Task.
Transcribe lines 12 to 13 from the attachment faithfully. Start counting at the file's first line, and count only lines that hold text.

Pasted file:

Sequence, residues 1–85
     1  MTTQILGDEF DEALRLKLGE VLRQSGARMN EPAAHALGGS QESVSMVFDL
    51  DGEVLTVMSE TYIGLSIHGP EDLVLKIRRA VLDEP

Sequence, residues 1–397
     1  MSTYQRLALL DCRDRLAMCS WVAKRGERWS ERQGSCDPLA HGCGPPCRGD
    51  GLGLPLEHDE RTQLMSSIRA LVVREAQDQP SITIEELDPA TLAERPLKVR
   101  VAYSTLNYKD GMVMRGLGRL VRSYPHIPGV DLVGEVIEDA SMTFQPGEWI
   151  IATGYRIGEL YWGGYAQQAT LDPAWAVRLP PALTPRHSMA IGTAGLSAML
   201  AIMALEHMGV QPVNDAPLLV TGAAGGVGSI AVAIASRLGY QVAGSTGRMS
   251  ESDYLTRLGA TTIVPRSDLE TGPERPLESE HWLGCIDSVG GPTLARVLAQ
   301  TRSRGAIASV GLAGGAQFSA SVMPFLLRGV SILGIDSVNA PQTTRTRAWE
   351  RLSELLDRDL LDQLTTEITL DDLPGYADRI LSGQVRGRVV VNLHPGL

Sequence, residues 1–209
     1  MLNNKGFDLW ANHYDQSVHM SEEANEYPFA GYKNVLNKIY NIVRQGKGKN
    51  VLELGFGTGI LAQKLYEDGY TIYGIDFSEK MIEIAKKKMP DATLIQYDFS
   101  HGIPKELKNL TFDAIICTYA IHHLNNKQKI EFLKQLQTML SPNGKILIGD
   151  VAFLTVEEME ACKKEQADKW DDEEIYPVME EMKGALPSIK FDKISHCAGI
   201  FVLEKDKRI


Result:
   351  RLSELLDRDL LDQLTTEITL DDLPGYADRI LSGQVRGRVV VNLHPGL

Sequence, residues 1–209